After about four and a half months of downtime following a rocket explosion during test operations, SpaceX returned to flight on Jan. 14.
The aggressive timeline SpaceX brings to the table is contrary to the other major space launch companies. Most of these companies respond extremely conservatively to the great risk of space launch. For instance, the European company Arianespace has been launching their Ariane 5 rocket since before I was born in 1997. The costs involved in each mission are so high that most companies would not dare endanger mission success in attempt to make improvements. This is obviously not the case with SpaceX, as it has released consistent and notable revisions to its Falcon 9 rocket. Thus, SpaceX has achieved great successes in a short time frame relative to the rest of the aerospace industry, where projects often take decades to complete.” It has also, of course, fallen short of the incredible reliability of Arianespace and other more traditional companies.
SpaceX is a classic example of when people or organizations are left with a choice. They can take the most reliable possible course of action until forced to change, or they can embrace inherently riskier constant change and improvement. The reliability route is clearly the road most traveled. I venture so far as to say the reliable road is the only sensible path to take for any person or group that values their well-being mentally and physically. We can only take the path of constant change when something other than the well-being motivates us. This could be to fulfill a mission, for sheer enjoyment (strangely) or else something of the like. Based on its recent actions I am confident SpaceX is in a stage where it remains guided by the goal of its founder, Elon Musk, the creation of a self-sustaining civilization on Mars. It requires incredible discipline to maintain loyalty to one’s original cause. Perhaps this is even impossible, change being the only constant.
The evolution of a company from young and mission-driven to experienced with different motivations seems like an inevitable one. Over time, everyday operations cause things to slowly change and sight of the original goal is lost. The weight of short-term needs soon outweighs the grandeur of the original vision. The original, ideal ending is simply brought down by human nature itself: People in general default to doing what they need to do to survive optimally. We concentrate on the money, the fame, the power, the pleasure, whatever we meet on the way to the end goal and become distracted. From here the vision is done and the once-vibrant company, club, group or whatever it may be becomes something it was never meant to become. Whether the response is dismay or acquiescence it seems the result cannot be helped.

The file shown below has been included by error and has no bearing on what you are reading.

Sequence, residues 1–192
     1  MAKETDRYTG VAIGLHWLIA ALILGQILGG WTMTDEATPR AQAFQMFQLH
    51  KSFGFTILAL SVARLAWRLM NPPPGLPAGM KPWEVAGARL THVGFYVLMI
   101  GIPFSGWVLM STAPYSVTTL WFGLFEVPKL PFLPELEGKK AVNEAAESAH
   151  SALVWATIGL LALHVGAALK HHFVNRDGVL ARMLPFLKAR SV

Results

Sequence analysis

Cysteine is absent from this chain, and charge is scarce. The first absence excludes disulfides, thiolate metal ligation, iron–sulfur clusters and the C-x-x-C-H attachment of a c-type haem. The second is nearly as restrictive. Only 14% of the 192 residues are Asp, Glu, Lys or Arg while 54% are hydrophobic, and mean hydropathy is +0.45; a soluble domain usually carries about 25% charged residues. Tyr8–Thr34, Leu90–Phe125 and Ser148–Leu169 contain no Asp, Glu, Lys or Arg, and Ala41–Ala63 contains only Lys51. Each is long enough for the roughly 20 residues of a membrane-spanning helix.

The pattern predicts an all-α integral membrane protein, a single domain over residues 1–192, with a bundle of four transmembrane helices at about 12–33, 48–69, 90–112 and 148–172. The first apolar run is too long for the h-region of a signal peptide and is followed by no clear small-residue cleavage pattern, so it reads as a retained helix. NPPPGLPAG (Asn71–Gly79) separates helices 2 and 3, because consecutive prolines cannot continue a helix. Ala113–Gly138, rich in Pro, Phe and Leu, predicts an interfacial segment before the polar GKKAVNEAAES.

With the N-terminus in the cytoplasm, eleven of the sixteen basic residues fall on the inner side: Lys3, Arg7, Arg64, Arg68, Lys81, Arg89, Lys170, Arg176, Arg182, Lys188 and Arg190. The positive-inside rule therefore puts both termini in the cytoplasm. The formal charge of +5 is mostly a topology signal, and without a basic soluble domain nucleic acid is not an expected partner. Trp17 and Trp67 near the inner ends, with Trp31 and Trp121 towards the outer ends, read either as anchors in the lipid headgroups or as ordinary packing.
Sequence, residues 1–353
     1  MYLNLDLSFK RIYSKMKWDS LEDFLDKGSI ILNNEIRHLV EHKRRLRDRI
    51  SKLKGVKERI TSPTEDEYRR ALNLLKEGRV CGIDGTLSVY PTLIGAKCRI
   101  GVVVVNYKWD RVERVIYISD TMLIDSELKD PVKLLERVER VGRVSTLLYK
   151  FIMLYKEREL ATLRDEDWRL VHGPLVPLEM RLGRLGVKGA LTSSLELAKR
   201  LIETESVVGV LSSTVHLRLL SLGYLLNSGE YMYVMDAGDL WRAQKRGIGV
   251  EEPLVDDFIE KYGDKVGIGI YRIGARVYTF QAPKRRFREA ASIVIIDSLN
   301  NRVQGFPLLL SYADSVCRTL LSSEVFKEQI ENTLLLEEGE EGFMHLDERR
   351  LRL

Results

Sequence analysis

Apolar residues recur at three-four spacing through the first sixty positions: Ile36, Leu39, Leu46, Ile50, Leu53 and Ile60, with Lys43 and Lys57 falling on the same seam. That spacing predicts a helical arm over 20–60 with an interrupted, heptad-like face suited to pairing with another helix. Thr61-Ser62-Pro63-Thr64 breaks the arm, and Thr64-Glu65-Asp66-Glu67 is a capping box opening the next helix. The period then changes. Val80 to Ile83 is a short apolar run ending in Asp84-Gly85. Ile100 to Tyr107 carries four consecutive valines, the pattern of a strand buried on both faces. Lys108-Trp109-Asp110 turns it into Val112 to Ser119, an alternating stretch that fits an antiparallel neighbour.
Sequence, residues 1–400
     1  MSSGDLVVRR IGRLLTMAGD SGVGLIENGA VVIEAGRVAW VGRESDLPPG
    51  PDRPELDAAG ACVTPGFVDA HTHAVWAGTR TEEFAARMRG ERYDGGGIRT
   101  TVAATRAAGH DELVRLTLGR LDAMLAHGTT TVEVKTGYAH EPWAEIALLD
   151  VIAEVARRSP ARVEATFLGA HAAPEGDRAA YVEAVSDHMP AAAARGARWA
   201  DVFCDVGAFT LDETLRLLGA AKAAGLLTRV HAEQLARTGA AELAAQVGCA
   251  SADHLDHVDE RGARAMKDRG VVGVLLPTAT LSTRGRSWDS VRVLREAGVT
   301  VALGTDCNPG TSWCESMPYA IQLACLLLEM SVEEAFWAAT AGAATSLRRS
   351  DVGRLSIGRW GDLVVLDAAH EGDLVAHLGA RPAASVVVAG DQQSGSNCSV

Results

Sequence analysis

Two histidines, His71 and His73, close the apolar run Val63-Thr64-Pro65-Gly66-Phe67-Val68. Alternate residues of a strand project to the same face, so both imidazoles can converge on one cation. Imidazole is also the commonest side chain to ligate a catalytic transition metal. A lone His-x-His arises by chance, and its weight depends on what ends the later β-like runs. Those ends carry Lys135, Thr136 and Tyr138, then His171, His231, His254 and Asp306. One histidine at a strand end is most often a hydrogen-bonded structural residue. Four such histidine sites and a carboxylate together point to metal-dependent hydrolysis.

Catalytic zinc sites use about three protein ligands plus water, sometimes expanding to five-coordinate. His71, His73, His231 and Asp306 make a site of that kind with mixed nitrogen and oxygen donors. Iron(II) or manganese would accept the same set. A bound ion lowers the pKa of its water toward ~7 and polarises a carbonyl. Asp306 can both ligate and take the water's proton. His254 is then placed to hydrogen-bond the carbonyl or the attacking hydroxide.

We see this common effect play out slowly in our everyday lives. We see it in our schooling, work, even hobbies. It takes a constant effort to counteract the negative change in attitude and remain fresh. I have seen individuals switch jobs frequently to avoid succumbing to boredom. People switch majors if the one they are pursuing becomes something they do not like. In schools, and, of course, here at the University of Michigan, countless organizations exist and are continuously created that ultimately help people counteract the slow negative change. Nonetheless, it is extremely difficult to stick to the plan long term.
This leads to the inevitable question: Is it at all worth trying to stick stubbornly to the outcome originally envisioned? It seems it would be necessary to align the stars in such a way that the natural tendencies for survival that break down grand plans instead help those plans along. If so, great sacrifices are needed to achieve whatever the original goal was. It is honestly probably better to let things run their course and be a part of the constant cycle of nascent hope and jaded maturity. I, of course, being relatively young, want to believe it is possible to break the cycle.
For no reason but this, I hope SpaceX succeeds. I hope Elon Musk gets his self-sustaining civilization on Mars because I want to see an exception to the rule ultimately succeed. I want to see that some “crazy” desire like wanting humans to live on Mars can be achieved despite sounding like a mission destined for failure. This would not only be another example of sticking to the vision of a major project in history, it would be a glaring, modern example that sticks in people’s minds. The successful return to flight is just one small step on this excruciatingly long and difficult journey, but I wish them the best.
Miles McGruder can be reached at email@example.com.